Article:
New Delhi: In a setback to the protesting aspirants, the Arvind Verma committee report submitted to the government has recommended that no change should be made in the Civil Service Aptitude Test as it is a scientifically formed exam and shouldn't be tinkered with.
According to sources, the committee has recommended that the quality of English to Hindi translations in CSAT paper should be improved. There are 20 marks of English comprehension which are of class 10th level and sources say that future civil servants are expected to have that level of knowledge.
The English questions are translated in Hindi through Google translator which gives the literal meaning of the word. For example the word steel plant was translated into 'Loohe Ka Paudha'. Anyone who has used Google translator would vouch that its resulted are of an extremely poor quality.
Meanwhile, the Union Public Service Commission (UPSC) exam row generated heat in both Houses of Parliament with a member tearing a paper and throwing it towards the Speaker in Lok Sabha and almost the entire opposition staging a walkout in the Upper House as Government refused to set a time-line for resolving the issue.
Minister of State for Parliamentary Affairs Prakash Javadekar also came under sharp attack in Rajya Sabha from the Opposition which demanded an apology from him after he allegedly "instigated" members of the treasury benches to protest when the issue was raised. Opposition members created uproar over the issue in both Houses leading to adjournment of Rajya Sabha thrice before lunch.
Home Minister Rajnath Singh said government has taken the ongoing agitation by UPSC aspirants on the issue very seriously and is studying all aspects. "Government has taken the issue very seriously and is considering every aspect. The report has been given by the Committee on the issue only a day ago. The report is being studied. Government wants this to be resolved as soon as possible," Singh told the Rajya Sabha.
In the Lok Sabha, an agitated RJD member Rajesh Ranjan stormed the Well waving a newspaper while seeking a statement on the UPSC exam row and later tore the newspaper and threw it in the Well, with some landing on the Speaker's table. Speaker Sumitra Mahajan chided at him saying his behaviour in the House was not proper, forcing him to apologise, not once but twice.
In the Rajya Sabha when members pointed out that the seven-day time-frame set by the government to come out with a statement on the issue in the House had expired, Minister of State for Personnel Jitender Singh said, "Government has received the report today. It is a sensitive issue. There are different views on it. Give me time to study it."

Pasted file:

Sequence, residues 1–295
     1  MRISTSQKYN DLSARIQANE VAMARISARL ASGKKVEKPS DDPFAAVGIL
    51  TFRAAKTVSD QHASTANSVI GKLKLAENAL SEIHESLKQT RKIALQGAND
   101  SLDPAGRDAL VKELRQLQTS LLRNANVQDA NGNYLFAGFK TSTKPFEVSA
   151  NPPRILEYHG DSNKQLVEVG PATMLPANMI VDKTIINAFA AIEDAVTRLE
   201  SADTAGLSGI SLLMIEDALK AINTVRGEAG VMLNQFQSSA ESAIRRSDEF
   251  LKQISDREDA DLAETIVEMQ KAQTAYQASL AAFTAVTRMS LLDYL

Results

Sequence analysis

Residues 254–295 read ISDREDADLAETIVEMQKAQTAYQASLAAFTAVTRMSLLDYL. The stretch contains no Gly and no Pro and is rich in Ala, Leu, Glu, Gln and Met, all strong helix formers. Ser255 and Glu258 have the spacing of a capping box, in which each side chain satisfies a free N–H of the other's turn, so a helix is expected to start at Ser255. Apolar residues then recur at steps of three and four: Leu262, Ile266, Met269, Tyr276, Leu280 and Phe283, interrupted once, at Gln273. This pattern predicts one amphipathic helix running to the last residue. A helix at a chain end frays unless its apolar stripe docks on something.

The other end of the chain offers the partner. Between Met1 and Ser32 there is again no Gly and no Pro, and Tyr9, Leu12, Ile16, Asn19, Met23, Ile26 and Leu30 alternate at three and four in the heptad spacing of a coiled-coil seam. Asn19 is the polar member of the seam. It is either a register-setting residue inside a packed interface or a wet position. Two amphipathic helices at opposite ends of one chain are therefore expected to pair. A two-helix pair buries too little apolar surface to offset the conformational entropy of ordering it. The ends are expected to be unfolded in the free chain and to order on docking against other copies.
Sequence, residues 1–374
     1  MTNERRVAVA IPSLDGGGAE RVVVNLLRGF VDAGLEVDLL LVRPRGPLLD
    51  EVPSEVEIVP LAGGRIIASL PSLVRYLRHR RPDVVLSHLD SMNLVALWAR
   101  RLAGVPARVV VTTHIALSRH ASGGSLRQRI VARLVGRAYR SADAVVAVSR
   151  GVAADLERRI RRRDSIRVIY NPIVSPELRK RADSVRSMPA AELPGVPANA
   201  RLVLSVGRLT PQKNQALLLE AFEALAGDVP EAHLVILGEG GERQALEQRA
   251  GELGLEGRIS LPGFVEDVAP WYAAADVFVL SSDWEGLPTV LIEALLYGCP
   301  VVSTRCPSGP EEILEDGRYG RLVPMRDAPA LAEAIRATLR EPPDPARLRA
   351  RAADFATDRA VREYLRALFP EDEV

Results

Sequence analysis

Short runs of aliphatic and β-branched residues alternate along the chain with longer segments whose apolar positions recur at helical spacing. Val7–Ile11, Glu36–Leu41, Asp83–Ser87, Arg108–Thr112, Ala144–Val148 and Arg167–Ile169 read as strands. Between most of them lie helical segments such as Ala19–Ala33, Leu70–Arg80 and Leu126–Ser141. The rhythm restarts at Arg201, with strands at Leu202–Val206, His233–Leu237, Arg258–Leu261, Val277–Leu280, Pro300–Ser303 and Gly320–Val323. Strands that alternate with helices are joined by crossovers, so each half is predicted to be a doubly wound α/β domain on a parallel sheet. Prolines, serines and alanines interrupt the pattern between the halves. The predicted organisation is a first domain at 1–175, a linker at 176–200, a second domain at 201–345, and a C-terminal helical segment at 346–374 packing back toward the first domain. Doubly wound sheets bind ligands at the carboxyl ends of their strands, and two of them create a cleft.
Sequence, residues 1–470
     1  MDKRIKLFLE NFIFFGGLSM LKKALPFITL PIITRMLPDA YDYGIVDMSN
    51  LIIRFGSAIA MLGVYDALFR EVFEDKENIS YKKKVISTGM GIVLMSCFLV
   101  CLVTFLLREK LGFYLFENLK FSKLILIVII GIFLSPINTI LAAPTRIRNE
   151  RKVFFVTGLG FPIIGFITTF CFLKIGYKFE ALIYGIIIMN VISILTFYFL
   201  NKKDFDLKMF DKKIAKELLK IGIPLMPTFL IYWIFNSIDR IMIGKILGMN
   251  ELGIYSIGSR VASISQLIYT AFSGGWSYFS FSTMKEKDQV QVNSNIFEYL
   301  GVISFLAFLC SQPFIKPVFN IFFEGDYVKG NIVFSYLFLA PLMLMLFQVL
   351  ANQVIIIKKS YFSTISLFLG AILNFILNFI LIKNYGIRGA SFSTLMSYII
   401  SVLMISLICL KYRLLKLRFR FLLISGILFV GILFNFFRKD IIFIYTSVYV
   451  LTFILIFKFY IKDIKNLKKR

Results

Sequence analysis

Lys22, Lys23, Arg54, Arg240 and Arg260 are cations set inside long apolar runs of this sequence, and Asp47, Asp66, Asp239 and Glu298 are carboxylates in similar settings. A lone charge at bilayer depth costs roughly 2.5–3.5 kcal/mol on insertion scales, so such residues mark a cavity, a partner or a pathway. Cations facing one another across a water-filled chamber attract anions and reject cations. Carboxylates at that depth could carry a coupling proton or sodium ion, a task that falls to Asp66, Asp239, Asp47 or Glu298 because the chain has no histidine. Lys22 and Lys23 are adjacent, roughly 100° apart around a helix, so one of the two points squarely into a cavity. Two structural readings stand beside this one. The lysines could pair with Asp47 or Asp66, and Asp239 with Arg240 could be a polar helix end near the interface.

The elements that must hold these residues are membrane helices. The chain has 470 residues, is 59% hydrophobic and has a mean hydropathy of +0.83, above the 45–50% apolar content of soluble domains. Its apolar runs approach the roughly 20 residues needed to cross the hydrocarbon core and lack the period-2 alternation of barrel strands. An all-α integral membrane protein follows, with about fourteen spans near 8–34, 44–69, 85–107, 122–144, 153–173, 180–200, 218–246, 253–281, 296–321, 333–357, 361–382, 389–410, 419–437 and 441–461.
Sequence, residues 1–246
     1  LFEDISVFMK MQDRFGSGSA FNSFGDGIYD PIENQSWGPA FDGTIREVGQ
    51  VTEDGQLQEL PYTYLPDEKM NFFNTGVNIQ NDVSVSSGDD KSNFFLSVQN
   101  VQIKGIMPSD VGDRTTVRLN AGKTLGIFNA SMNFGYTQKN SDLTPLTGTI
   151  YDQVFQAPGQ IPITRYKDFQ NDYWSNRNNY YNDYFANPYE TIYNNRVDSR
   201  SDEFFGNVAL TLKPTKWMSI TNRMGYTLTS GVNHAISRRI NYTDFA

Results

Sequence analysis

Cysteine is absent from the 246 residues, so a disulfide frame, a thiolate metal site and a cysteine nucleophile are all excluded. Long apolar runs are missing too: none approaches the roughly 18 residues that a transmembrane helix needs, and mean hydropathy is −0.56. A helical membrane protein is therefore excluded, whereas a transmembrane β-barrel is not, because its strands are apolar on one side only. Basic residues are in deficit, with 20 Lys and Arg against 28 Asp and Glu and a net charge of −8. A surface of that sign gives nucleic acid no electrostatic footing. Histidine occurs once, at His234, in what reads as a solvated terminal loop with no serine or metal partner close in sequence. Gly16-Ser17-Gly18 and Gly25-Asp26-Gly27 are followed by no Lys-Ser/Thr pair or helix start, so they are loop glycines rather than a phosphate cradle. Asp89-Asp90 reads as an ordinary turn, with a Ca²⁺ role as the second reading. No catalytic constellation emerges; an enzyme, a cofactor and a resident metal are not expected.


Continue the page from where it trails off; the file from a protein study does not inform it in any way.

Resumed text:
While the Arvind Verma committee, which was setup to study if changes are required in the Civil Services (Preliminary) Examination pattern, has submitted its report, the recommendations are not binding on the Central government and the UPSC, which is an autonomous body. Yet any decision by the government will have political ramifications as several MPs have raised the alleged bias of CSAT against rural, Hindi and regional language background students.
The Civil Service Preliminary Examination is the first step towards joining the top echelons of bureaucracy. The structure of the CSAT is the main bone of contention, which many aspirants feel is biased towards technical and management students and it should be scrapped.
The structure of the exam was changed in 2011 and since then the aspirants from Humanities and Hindi belt are protesting against it. The change has adversely affected the number of aspirants cracking the exam from Humanities stream and Hindi belt as the numbers have gone down drastically.
The prelims examination is divided into two sections - General Studies and CSAT and both the papers are of 200 marks. The General Studies consists of 100 questions and the CSAT of 80 questions. But the marks required to qualify General Studies is 30 whereas for CSAT it is 70.
The CSAT comprises of questions based on communication skill, logical reasoning and analytical ability, decision making and problem solving, general mental ability, basic numeracy, data interpretation and English comprehension.